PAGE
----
5 occurrences in 5 dictionaries

Reference: Girdle


(1.) Heb hagor, a girdle of any kind worn by soldiers (1Sa 18:4; 2Sa 20:8; 1Ki 2:5; 2Ki 3:21) or women (Isa 3:24).

(2.) Heb 'ezor, something "bound," worn by prophets (2Ki 1:8; Jer 13:1), soldiers (Isa 5:27; 2Sa 20:8; Eze 23:15), Kings (Job 12:18).

(3.) Heb mezah, a "band," a girdle worn by men alone (Ps 109:19; Isa 22:21).

(4.) Heb 'abnet, the girdle of sacerdotal and state officers (Ex 28:4,39-40; 29:9; 39:29).

(5.) Heb hesheb, the "curious girdle" (Ex 28:8; R.V., "cunningly woven band") was attached to the ephod, and was made of the same material.

The common girdle was made of leather (2Ki 1:8; Mt 3:4); a finer sort of linen (Jer 13:1; Eze 16:10; Da 10:5). Girdles of sackcloth were worn in token of sorrow (Isa 3:24; 22:12). They were variously fastened to the wearer (Mr 1:6; Jer 13:1; Eze 16:10).

The girdle was a symbol of strength and power (Job 12:18,21; 30:11; Isa 22:21; 45:5). "Righteousness and faithfulness" are the girdle of the Messiah (Isa 11:5).

Girdles were used as purses or pockets (Mt 10:9. A. V., "purses;" R.V., marg., "girdles." Also Mr 6:8).

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Worn by men and women. The meezach was worn by men alone (Job 12:21, margin). The common girdle was of leather, as the Bedouins now wear a red leather girdle with a long crooked knife and a pistol stuck in. The finer girdle was of linen (Jer 13:1), often embroidered with gold (Da 10:5; Re 1:13). Girded up, so as to confine the otherwise flowing robes, when active exertion was needed; from whence "gird up the hands" means "be in readiness for action" (Lu 12:35; 1Pe 1:13; Eph 6:14). Fastened by a clasp, or tied in a knot, so that the ends hung in front. A costly present (1Sa 18:4). One end being folded back made a purse (Mt 10:9).

The abneeyt was the priest's girdle of linen embroidered with wool; the high priest's girdle on the day of atonement was of white linen only. The "needlework" on it was figuring on one side only, "cunning work" on two sides (Ex 28:39; the Mishna); or the "needlework" had the figures on both sides the same girdle, the "cunning work" different (Jarchi). Ex 26:31, "needlework" was of the embroiderer, "cunning work" of the skilled weaver. The "curious girdle" was made, as the ephod, of "gold, blue, purple, scarlet, and fine twined linen" (Ex 28:8), it was the band for fastening the ephod, which is upon it, and of the same work, of one piece with it.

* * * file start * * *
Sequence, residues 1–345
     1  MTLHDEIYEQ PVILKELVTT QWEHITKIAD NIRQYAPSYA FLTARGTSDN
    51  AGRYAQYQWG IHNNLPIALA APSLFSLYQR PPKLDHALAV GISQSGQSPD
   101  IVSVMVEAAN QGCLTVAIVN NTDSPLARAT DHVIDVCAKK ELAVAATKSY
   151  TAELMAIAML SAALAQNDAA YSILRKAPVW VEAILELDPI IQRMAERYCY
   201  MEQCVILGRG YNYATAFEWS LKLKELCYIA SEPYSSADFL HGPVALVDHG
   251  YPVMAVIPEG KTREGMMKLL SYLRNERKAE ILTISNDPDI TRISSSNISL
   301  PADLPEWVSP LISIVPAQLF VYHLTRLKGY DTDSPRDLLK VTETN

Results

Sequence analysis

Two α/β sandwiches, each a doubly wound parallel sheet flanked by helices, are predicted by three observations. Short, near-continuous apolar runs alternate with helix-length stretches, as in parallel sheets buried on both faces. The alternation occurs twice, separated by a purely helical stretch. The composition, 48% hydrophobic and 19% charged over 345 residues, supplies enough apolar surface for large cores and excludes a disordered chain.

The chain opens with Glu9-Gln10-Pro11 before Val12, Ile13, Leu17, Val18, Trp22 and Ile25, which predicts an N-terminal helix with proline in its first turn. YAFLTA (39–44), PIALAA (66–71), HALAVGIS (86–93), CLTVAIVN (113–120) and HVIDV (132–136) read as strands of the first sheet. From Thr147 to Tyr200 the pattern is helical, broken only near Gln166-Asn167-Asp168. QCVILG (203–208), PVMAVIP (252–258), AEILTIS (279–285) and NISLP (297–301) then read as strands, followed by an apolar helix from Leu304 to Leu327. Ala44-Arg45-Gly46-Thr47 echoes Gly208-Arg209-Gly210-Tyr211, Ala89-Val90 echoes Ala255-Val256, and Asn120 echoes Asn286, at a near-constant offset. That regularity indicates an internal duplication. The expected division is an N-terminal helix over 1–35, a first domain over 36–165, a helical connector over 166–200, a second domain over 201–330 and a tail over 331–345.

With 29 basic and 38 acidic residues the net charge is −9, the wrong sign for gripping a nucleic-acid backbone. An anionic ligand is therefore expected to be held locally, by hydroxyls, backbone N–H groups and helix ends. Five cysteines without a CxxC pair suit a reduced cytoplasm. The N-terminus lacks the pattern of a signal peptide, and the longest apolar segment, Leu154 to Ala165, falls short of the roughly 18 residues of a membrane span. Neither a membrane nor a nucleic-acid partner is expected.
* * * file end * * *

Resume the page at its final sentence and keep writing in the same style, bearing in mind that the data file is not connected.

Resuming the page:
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An article of dress always worn in the East, both by the rich and the poor, and needed there because of their flowing robes. For the poor they were of the plainest material, but for the rich they were more or less costly, and were highly ornamented. They were thus suitable articles for presents. 1Sa 18:4; 2Sa 18:11. John the Baptist wore a leathern girdle, or one of skin. Mt 3:4; Mr 1:6: cf. 2Ki 1:8. In the Revelation the Lord has on a golden girdle, and the seven angels who come out of the temple have the same. Re 1:13; 15:6. The priests wore girdles, and one for Aaron was a 'linen' girdle, Le 16:4, and with the breastplate was the CURIOUS (i.e. embroidered) GIRDLE of the ephod, made of gold, blue, purple, scarlet, and fine-twined linen. Ex 28:8.

The girdle is typical of strength, and 'girding up the loins' denotes active service. When the Gentiles are gathered by God to discipline Israel, the girdle of their loins shall not be loosed. Isa 5:27. Of the Lord when He comes to reign it is said, "Righteousness shall be the girdle of his loins, and faithfulness the girdle of his reins." Isa 11:5. In the present warfare the Christian is exhorted to have his loins 'girt about' with truth, Eph 6:14

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an essential article of dress in the East, and worn by both men and women. The common girdle was made of leather,

2Ki 1:8; Mt 3:4

like that worn by the Bedouins of the present day. A finer girdle was made of linen,